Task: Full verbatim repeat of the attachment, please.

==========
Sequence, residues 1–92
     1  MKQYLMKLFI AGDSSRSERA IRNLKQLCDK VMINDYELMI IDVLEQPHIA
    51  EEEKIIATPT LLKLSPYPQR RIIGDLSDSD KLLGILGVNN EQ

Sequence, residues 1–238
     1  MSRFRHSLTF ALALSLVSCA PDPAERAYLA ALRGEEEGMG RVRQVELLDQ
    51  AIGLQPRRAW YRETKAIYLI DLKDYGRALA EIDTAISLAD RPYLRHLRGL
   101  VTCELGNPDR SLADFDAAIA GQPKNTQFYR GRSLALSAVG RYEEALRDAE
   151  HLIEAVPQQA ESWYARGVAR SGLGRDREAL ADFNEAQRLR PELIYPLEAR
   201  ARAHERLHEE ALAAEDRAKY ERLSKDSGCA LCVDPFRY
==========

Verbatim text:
Sequence, residues 1–92
     1  MKQYLMKLFI AGDSSRSERA IRNLKQLCDK VMINDYELMI IDVLEQPHIA
    51  EEEKIIATPT LLKLSPYPQR RIIGDLSDSD KLLGILGVNN EQ

Sequence, residues 1–238
     1  MSRFRHSLTF ALALSLVSCA PDPAERAYLA ALRGEEEGMG RVRQVELLDQ
    51  AIGLQPRRAW YRETKAIYLI DLKDYGRALA EIDTAISLAD RPYLRHLRGL
   101  VTCELGNPDR SLADFDAAIA GQPKNTQFYR GRSLALSAVG RYEEALRDAE
   151  HLIEAVPQQA ESWYARGVAR SGLGRDREAL ADFNEAQRLR PELIYPLEAR
   201  ARAHERLHEE ALAAEDRAKY ERLSKDSGCA LCVDPFRY